Texas officer 'fighting for his life' after collision with 18-wheeler

The truck had made a U-turn in front of the officer's patrol car, police said

By Kelsey Bradshaw
Austin American-Statesman

AUSTIN, Texas — An Austin police officer was critically injured early Wednesday after his patrol vehicle slammed into an 18-wheeler while responding to a call in East Austin.

The officer, who had not been identified Wednesday afternoon, was headed west in the 7800 block of FM 969, near Decker Lane, in response to a "priority 1" call at around 2:10 a.m., Austin police Cpl. Destiny Silva said.

She only described the priority 1 call as one that needed to be immediately attended to and did not say what the call was about. Such calls can include reported shootings or other critical incidents.

As the officer was driving, the 18-wheeler made a U-turn in front of the patrol vehicle. The police vehicle and the 18-wheeler collided, Silva said.

The officer and his vehicle were pinned under the 18-wheeler. Police, Austin-Travis County EMS medics and Austin fire officials responded to crash and tried to treat the officer at the scene.

The officer was taken to a local hospital, Silva said, but she did not provide details on his injuries. Whether the officer had lights and sirens on or was wearing a seat belt remains under investigation.

The driver of the 18-wheeler was not injured and remained at the scene of the crash. It has not been determined if any charges will be filed.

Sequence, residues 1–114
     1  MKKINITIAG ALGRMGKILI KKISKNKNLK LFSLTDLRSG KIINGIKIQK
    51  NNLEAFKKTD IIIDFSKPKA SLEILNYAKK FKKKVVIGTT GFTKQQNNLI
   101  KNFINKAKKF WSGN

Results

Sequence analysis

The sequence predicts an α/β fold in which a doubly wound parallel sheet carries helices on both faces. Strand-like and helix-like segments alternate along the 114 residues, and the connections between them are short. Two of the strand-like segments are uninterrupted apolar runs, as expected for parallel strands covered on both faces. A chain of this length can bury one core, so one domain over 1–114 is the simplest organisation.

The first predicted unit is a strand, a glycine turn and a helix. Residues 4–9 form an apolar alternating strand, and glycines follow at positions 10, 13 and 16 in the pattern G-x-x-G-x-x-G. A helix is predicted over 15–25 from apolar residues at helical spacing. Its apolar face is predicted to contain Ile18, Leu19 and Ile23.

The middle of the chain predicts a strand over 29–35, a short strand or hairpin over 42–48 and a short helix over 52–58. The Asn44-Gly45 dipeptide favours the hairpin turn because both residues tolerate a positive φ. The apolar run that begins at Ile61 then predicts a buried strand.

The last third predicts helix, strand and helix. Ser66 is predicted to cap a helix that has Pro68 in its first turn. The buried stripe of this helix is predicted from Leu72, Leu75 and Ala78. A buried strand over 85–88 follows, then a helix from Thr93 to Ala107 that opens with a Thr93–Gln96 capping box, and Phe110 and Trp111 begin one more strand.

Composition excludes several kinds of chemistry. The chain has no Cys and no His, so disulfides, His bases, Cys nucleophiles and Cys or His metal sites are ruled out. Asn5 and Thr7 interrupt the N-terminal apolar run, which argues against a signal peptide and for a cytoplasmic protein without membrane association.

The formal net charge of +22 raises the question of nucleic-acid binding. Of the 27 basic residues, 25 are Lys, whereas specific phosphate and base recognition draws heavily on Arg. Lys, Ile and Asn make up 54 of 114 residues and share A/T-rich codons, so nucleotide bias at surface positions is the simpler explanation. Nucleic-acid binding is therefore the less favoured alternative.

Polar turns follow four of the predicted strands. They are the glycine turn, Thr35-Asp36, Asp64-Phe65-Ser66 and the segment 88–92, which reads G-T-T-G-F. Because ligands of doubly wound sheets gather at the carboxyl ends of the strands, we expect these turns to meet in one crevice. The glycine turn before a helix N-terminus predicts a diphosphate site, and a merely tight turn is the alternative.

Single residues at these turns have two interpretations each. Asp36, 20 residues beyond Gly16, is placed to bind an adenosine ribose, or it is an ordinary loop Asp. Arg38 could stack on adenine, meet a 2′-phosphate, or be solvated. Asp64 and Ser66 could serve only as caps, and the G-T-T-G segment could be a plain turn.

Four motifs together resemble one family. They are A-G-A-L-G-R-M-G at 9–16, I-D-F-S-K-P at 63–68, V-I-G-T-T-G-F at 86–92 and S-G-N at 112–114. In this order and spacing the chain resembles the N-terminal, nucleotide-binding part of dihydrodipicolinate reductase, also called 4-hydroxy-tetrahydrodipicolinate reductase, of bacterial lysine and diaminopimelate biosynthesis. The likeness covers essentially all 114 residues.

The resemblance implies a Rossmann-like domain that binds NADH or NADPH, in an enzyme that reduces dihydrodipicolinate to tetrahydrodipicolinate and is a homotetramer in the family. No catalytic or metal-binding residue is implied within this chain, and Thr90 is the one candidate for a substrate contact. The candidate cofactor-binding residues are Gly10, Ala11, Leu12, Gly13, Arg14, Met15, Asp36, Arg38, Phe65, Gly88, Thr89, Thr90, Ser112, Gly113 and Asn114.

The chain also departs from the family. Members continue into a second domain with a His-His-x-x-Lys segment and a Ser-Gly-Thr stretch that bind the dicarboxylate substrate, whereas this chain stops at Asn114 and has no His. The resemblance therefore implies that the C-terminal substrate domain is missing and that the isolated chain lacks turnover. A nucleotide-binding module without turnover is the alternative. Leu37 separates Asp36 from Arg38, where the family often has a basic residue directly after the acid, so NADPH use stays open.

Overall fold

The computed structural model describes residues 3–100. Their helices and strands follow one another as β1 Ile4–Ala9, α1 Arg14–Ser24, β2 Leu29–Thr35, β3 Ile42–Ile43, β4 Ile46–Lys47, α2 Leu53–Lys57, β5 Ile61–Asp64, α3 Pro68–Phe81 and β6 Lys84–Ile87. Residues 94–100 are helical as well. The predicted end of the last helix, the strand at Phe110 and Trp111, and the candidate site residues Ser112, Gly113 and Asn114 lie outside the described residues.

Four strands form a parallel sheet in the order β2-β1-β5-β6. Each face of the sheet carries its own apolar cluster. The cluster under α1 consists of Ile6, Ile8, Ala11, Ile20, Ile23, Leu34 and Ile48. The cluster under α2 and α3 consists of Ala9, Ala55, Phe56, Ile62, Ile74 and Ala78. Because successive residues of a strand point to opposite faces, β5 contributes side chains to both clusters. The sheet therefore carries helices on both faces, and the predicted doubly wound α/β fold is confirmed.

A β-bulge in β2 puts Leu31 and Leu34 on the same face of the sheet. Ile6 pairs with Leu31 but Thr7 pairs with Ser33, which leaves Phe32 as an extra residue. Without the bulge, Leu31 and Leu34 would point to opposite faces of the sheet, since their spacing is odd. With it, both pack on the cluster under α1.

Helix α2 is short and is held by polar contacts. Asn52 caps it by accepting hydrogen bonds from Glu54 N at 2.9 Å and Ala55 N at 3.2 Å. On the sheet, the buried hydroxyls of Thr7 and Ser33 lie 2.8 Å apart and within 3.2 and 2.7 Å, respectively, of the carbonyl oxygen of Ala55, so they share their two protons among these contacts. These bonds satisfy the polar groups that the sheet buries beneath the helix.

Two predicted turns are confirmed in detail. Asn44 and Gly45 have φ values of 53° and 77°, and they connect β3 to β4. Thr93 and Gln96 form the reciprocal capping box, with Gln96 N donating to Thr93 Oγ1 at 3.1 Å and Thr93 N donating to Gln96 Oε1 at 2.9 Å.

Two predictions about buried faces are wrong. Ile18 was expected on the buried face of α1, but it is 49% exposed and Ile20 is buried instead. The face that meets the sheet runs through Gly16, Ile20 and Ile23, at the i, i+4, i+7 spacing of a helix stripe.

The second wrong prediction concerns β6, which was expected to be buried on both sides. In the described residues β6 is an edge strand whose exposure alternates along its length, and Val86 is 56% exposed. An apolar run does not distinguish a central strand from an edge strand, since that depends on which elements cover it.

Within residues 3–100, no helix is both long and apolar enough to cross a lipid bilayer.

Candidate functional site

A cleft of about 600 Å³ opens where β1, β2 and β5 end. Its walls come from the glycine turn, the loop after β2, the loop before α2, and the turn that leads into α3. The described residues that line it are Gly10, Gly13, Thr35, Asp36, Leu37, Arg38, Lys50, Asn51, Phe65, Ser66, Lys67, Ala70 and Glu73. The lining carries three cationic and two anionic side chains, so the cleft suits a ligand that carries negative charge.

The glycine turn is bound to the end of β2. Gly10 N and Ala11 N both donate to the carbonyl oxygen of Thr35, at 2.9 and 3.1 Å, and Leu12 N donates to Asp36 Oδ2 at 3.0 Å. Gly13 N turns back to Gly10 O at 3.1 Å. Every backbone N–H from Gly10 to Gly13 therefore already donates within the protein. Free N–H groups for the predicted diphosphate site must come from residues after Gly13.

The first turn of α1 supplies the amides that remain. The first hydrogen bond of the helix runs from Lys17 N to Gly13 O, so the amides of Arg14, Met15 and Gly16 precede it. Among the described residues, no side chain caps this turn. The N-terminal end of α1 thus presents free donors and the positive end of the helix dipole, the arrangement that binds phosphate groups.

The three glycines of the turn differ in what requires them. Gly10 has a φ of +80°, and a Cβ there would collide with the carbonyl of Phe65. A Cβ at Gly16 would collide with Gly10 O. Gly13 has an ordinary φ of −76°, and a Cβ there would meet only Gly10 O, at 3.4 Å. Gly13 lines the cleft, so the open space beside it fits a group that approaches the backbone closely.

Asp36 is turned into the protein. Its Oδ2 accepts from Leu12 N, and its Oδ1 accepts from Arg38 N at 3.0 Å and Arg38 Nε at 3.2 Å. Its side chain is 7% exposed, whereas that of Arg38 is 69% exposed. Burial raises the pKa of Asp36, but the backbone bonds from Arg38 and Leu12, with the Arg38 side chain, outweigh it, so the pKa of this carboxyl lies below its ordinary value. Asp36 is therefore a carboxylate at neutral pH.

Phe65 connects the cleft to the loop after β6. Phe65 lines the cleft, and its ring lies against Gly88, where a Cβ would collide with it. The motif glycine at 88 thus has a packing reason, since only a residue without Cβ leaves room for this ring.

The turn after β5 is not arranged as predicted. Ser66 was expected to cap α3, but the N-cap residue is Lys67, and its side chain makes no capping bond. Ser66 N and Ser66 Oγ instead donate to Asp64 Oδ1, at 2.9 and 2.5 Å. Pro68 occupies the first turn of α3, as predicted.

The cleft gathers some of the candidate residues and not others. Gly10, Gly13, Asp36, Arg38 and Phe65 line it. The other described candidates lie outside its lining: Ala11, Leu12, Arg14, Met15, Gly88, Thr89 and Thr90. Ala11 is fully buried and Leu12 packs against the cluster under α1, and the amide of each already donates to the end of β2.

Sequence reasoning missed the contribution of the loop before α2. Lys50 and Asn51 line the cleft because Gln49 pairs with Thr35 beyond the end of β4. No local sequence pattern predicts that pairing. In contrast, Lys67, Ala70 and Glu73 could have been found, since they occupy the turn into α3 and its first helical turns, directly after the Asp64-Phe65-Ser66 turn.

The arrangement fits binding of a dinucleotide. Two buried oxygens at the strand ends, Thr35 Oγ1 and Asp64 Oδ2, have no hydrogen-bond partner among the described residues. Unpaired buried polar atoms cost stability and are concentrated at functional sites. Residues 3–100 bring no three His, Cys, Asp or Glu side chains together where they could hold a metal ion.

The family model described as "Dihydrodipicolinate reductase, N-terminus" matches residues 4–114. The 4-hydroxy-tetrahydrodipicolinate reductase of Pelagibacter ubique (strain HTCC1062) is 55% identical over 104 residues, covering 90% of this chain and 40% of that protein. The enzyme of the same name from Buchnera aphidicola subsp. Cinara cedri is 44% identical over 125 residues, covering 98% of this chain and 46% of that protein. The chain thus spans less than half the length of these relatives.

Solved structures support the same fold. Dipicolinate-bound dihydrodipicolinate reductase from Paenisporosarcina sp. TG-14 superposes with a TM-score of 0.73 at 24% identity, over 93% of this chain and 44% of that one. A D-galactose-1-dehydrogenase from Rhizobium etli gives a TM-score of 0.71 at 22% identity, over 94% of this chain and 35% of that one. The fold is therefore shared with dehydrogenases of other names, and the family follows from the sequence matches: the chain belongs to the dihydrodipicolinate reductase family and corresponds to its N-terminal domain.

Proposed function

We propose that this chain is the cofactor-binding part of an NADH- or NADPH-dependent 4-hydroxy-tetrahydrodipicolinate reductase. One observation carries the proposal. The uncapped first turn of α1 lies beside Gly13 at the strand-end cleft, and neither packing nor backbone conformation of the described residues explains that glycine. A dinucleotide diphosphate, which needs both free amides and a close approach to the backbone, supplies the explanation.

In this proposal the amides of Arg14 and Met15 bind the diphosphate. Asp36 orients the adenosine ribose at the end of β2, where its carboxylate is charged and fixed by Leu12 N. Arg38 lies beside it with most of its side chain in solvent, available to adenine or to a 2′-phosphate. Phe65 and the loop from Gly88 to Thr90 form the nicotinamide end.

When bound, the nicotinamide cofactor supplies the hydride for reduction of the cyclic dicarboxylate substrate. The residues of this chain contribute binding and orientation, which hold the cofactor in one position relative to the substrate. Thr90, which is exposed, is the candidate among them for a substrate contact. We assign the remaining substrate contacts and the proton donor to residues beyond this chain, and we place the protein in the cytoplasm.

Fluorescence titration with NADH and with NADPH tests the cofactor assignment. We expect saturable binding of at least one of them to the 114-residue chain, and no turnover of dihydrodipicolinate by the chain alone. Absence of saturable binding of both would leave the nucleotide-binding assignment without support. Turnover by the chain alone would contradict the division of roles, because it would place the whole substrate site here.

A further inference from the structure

"APD is a family," Silva said. "When someone is seriously injured like this or sick, it affects each and every one of us."

She asked that the public keep the officer and his family, the driver of the 18-wheeler and the police department in their thoughts.

"We have an officer who is part of our family who is at a local hospital right now fighting for his life," she said.

The officer has been with the department for nine years.

Police Chief Joe Chacon and Austin Mayor Steve Adler both offered statements of support and solidarity on Twitter.

"Folks, I'm asking for prayers for our @Austin_Police family today. One of our officers is in bad shape after a very bad car crash. Thoughts and prayers for him and his family are very much appreciated," Chacon posted.

Adler tweeted: "The entire city and I are pulling for an APD officer, seriously injured on-duty in a traffic collision. Please pray for him and his family this morning."

Traffic poses a particularly high risk of danger to police officers. According to the Officer Down Memorial Page, as many as 174 line-of-duty deaths have occurred across the United States in 2021, with 37 of them — or about 21% — related to traffic, including auto and motorcycle crashes, being struck as pedestrians and vehicular assault.

That compares to only 35 deaths from shootings, according to that same data set for this year.

Among some of the most recent deadly traffic incidents involving Central Texas police officers was the 2018 death of Round Rock officer Charles Whites, who was struck by a driver while directing traffic on Interstate 35 near the scene of a pedestrian death.

Austin police's two most recent officer deaths in the line of duty happened on Austin-area roads.

Senior police officer Amir Abdul-Khaliq, a father of five and a 17-year veteran on the force, died in September 2016 after being struck by a driver trying to cut through a funeral procession he was escorting on his patrol motorcycle through North Austin.

Three years earlier, 42-year-old police Lt. Clay Crabb was killed in on his way to check a low water crossing in heavy rain. Investigators at the time said he lost control of his police cruiser, hydroplaned and veered into oncoming traffic before he collided into a pickup truck on U.S. 290 near Sawyer Ranch Road near Dripping Springs.

As investigators look into Wednesday's collision, police are asking that anyone with more information about the incident call 512-974-8111.

©2021 www.statesman.com. Visit statesman.com. Distributed by Tribune Content Agency, LLC.

McClatchy-Tribune News Service

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